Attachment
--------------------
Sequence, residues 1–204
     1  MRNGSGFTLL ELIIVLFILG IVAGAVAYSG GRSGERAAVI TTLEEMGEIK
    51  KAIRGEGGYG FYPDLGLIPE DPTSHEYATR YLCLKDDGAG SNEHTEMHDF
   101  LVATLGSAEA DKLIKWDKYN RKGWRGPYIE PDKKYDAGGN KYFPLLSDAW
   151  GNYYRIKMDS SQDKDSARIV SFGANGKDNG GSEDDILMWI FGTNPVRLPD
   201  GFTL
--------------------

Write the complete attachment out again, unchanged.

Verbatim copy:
Sequence, residues 1–204
     1  MRNGSGFTLL ELIIVLFILG IVAGAVAYSG GRSGERAAVI TTLEEMGEIK
    51  KAIRGEGGYG FYPDLGLIPE DPTSHEYATR YLCLKDDGAG SNEHTEMHDF
   101  LVATLGSAEA DKLIKWDKYN RKGWRGPYIE PDKKYDAGGN KYFPLLSDAW
   151  GNYYRIKMDS SQDKDSARIV SFGANGKDNG GSEDDILMWI FGTNPVRLPD
   201  GFTL